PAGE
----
ST. GEORGE - About 50 conservative Episcopal churches in South Carolina are in court this week, trying to keep their name, seal and $500 million in land and buildings after they broke away from the national denomination in a wide-ranging theological dispute.
The breakaway group, the Diocese of South Carolina, said it had to leave the national church not just because of the ordination of gays, but a series of decisions it says show national Episcopalians have lost their way in the teachings of Jesus and salvation.
The national church argues the split wasn't properly made, and it is fighting for the 20 or so churches in South Carolina staying under its umbrella.
Property disputes in the Episcopal Church and other Protestant churches have been going on for decades and end with varying results.
In March, the U.S. Supreme Court decided not to intervene in a dispute between the Episcopal Church and a conservative northern Virginia congregation that left the denomination in a rift over homosexuality and other issues. The court left in place a judge's decision siding with the national church, ending a seven-year fight over a church that traces its roots back to George Washington.
In Seattle on Monday, the Episcopal Diocese of Olympia and two Anglican churches that left in 2004 reached a settlement that made it possible for all parties to continue with their ministries. A ruling by the Texas Supreme Court siding with dozens of dissident congregations in the Fort Worth area was appealed last month to the nation's highest court.
In South Carolina, some of the church property in dispute dates to before the Revolutionary War, and it's located in prime real estate areas in Charleston and other coastal towns.
"At no point in our history has the national church contributed financially to the building or maintenance of any of our church buildings, facilities, or ministries," said the Rev. Ken Weldon, rector of St. John's Church in Florence.
The trial started Tuesday and is expected to last two weeks, focusing on the less holy issue of corporate law. On the first day, men in priest collars mingled with a number of lawyers in bow ties. Circuit Judge Diane Goodstein is hearing the case at the Dorchester County Courthouse. It's not clear when she may rule.
The first witness was a lawyer for the breakaway churches. He was questioned about the steps the Diocese of South Carolina took to split. Lawyers got him to point out salaries for church officials were paid for without help from the national church.
On cross examination, an attorney emphasized that breakaway church officials didn't start to act like a corporation until they wanted legal protection.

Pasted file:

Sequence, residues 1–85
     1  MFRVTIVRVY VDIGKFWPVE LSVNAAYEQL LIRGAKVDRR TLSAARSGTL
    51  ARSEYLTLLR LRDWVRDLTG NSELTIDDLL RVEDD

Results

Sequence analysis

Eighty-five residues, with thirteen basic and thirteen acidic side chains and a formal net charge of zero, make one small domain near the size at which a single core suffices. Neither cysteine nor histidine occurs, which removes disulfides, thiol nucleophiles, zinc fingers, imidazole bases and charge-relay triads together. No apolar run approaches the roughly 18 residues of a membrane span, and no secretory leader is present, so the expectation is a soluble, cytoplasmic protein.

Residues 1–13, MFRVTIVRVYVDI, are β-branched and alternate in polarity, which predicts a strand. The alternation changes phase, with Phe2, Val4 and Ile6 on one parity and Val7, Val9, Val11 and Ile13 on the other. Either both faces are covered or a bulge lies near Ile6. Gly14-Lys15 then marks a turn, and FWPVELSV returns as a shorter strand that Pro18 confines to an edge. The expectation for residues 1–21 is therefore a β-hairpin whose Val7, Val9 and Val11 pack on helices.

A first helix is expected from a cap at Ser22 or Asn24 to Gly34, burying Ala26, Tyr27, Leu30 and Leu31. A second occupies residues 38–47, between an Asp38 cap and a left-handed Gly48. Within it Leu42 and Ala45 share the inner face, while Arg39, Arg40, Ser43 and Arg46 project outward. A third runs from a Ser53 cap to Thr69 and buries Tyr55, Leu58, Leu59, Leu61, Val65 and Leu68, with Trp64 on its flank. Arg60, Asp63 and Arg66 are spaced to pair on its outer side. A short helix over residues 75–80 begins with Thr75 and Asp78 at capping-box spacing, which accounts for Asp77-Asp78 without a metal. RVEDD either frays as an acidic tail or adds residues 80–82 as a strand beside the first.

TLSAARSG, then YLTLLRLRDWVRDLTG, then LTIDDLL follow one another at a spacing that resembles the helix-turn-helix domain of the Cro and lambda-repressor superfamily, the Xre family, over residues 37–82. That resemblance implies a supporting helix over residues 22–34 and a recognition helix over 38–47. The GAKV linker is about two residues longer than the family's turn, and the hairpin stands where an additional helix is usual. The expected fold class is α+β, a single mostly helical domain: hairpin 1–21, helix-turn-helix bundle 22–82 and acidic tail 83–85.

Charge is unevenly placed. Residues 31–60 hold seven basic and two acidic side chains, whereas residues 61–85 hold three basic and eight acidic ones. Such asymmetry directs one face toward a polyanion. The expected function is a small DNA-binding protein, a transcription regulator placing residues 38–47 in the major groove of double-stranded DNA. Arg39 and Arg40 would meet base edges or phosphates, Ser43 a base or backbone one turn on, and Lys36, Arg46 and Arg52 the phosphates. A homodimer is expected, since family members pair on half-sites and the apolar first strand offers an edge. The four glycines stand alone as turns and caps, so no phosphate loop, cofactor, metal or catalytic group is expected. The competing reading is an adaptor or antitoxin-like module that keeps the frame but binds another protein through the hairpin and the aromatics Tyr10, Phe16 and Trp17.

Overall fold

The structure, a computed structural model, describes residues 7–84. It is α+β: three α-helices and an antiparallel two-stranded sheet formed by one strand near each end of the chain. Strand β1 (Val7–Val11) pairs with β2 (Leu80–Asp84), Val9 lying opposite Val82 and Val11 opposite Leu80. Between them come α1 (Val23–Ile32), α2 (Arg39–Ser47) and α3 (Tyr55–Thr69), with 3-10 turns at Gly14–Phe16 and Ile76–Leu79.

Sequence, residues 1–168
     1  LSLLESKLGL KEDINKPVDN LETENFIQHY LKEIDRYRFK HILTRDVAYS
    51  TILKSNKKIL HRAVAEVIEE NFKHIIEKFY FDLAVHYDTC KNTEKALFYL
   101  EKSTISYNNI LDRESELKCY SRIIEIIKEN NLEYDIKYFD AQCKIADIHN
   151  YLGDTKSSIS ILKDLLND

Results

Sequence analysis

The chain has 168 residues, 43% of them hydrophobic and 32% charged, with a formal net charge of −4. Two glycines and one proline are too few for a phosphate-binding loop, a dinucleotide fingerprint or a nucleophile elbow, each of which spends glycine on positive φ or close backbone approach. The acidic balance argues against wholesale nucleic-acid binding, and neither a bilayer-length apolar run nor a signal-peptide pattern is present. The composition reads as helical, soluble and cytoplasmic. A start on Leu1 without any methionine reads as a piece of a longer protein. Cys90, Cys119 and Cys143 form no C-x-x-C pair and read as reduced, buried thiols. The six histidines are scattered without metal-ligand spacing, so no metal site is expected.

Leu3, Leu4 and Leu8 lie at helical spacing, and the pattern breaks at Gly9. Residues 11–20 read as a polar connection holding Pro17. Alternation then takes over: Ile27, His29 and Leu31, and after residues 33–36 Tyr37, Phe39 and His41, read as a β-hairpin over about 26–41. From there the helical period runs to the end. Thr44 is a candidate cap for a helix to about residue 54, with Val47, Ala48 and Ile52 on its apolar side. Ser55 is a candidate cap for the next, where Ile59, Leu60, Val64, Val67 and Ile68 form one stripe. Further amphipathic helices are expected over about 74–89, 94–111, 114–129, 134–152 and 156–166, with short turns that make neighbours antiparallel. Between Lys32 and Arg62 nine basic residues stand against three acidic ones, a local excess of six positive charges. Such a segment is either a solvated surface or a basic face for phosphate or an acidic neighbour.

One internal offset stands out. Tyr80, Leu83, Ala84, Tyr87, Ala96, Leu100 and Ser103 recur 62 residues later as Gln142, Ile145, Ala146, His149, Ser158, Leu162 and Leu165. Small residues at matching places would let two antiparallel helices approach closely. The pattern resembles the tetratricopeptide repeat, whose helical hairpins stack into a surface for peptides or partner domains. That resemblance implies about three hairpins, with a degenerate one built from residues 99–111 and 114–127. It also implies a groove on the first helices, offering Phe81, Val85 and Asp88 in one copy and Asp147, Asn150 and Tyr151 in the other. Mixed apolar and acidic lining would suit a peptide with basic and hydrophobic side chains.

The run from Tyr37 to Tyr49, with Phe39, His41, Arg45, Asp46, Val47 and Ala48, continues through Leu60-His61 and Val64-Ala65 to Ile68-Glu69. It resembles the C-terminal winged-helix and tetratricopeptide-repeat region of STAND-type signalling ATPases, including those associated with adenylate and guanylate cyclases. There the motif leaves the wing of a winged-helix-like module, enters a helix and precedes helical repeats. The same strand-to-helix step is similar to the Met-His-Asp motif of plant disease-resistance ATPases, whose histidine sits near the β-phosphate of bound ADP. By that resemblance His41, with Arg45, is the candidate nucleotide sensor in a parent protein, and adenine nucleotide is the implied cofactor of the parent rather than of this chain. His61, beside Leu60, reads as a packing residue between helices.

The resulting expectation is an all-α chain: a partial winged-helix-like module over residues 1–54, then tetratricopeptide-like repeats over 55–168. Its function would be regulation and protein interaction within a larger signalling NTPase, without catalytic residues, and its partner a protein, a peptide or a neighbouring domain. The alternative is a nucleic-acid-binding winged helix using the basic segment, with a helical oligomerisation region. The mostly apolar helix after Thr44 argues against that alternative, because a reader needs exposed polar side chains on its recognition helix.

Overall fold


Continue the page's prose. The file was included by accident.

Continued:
Before the split, the diocese in eastern South Carolina had 70 congregations with about 29,000 parishioners. It dates to the 1700s and is one of the originals that joined others to form the Episcopal Church.
The Episcopal Church, along with other Protestant denominations, had been losing members for decades before gay rights came dramatically to the forefront when Episcopalians elected their first openly gay bishop in 2003.
Perhaps furthering the fracture, the South Carolina churches that remained with the national Episcopalians announced Tuesday they had granted priests permission to bless the committed relationships of same-sex couples. The blessings aren't a marriage, since South Carolina law still bans gay marriage. The blessings also aren't required if an individual church or priest doesn't want to do it.
The secession by South Carolina Episcopalians is ironic, said Frank Kirkpatrick, a professor of religion at Trinity College in Hartford, Connecticut, and author of "The Episcopal Church in Crisis: How Sex, the Bible and Authority are Dividing the Faithful." While church leaders 150 years ago defended slavery on Biblical grounds, some of those breaking away from the national church body over homosexuality and marriage prefer to accept the authority of conservative African bishops rather than U.S. bishops who support the ordination of gays, he said.
"The arguments you hear about seceding from the Episcopal Church sound remarkably similar to the arguments you heard in 1860-61 from the secessionists in South Carolina who wanted to split away from the Union," Kirkpatrick said.
Associated Press writer Emery P. Dalesio in Raleigh, North Carolina, contributed to this report.